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One year of the Seafarers Happiness Index – What have we learned?

The Mission to Seafarers has launched a new website for its ongoing Seafarers Happiness Index, a seafarer welfare survey designed to monitor and benchmark seafarer satisfaction levels across the industry.

The website will act as a repository for the data collected during the survey, and will create an open framework for improvement which shipping companies can adhere to in order to build a happy, sustainable workforce.

Findings from 2018 welfare survey published on new Happy at Sea website;
Calls for all seafarers to complete the survey

The findings, which are fully anonymised, recognise both the positive and negative aspects of working at sea, from a seafaring perspective, as well as flagging any areas of concern.

In 2018, the Mission published a series of reports from the survey which highlighted a growing concern around the relationship between mental health and connectivity at sea. Data showed that seafarers with access to internet onboard reported much higher levels of happiness, whereas those without it marked lack of connectivity as a major source of discontent.

The reports also exposed a number of troubling issues experienced by seafarers during their time at sea, ranging from the unethical to the illegal. This included companies cited for breaking labour laws. This was especially prevalent when it came to the lashing of cargoes without pay, but also included hours of rest not being followed and overtime agreements being reneged on.

There were also a number of incidents raised by female crew around sexual harassment at sea. In some cases, female seafarers also reported feeling lonely or isolated, especially when they were the only woman onboard.

Not all of the findings have been negative, however. The survey has also painted an inspired image of life at sea, with many seafarers giving praise to employers for providing onboard connectivity, nutritious meals and exercise equipment. Seafarers also commented on the strength of the seafaring community, citing onboard working relationships and friendships as the best part of the job.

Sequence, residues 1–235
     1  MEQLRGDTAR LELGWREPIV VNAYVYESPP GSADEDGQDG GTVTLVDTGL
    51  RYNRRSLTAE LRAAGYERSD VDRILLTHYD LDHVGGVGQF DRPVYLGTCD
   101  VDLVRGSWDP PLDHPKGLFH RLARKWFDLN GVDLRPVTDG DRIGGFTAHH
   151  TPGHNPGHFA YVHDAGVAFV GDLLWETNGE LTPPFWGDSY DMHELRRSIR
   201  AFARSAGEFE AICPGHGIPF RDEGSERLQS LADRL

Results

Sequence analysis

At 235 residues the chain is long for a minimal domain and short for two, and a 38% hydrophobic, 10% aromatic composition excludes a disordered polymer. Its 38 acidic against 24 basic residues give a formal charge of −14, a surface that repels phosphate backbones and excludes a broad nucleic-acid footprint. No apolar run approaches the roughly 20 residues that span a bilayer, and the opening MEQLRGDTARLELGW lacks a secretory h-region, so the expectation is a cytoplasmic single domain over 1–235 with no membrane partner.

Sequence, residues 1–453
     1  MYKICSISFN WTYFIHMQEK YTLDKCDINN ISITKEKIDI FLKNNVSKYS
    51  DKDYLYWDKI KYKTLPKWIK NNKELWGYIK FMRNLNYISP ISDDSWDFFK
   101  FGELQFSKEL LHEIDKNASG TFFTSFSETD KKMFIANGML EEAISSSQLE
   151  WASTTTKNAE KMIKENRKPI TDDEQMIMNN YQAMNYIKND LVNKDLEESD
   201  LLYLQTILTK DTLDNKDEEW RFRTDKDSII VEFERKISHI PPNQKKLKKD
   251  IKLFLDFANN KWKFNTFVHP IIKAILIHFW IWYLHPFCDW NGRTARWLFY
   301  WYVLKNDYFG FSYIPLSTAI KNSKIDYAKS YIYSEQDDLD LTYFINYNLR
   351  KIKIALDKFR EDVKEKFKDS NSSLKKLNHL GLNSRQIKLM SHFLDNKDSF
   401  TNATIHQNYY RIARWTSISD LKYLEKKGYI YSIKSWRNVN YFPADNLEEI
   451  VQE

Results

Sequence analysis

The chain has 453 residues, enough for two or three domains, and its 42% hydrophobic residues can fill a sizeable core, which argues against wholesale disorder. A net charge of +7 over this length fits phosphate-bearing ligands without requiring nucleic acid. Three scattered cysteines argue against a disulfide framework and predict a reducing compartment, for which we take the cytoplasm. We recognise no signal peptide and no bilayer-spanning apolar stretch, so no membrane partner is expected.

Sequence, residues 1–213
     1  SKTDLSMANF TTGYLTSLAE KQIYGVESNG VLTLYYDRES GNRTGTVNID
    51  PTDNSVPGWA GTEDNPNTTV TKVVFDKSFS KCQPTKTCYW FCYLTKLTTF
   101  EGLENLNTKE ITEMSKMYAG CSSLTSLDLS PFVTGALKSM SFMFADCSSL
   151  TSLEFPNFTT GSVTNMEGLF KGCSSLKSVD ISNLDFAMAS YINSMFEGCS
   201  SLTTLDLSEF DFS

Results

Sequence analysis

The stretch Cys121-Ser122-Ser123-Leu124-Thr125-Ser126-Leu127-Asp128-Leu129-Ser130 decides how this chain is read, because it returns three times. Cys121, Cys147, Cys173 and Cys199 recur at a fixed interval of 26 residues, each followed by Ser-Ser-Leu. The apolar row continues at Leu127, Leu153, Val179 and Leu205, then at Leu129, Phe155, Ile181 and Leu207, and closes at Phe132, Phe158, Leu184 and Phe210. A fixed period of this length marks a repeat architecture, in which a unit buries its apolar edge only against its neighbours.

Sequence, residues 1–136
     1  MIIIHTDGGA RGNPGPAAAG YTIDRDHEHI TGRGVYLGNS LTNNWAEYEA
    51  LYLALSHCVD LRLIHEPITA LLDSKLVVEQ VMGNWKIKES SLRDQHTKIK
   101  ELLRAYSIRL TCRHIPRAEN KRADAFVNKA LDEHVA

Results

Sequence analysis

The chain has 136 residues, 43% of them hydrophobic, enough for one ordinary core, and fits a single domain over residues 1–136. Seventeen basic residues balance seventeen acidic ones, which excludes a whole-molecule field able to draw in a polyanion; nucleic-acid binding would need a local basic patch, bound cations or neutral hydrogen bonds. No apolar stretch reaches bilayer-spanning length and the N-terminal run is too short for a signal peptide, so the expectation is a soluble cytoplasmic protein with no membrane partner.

Ben Bailey, Director of Advocacy and Regional Engagement at The Mission to Seafarers, commented:

“Our Seafarers Happiness Index is designed to track crews’ evolving welfare needs and feelings about life at sea, by giving seafarers a platform to speak up and be heard.

“By creating a confidential channel of communication between seafarers and the industry, we have been able to create a blueprint for continued improvement within the industry and one that enables us to make recommendations as to how shipping companies can cultivate a workplace where crew members feel happy and supported.”

“One of these recommendations, for example, is for ship owners and managers to invest in a designated human resource management team in place to address concerns and to reflect the growing importance of seafarer mental health and wellbeing on board and at sea.

“The response we have received from the industry is overwhelmingly positive. We have been approached by a number of companies who are keen to hear the views of seafarers and who recognise the importance of having an anonymised feedback tool. We are already working with two major industry companies to provide bespoke surveys – both of which will be launched this year. However, our ability to reflect the views of seafarers is only as good as the feedback we receive. That is why encourage all seafarers to visit the Happy at Sea website to complete the survey.”
Source: Mission for Seafarers

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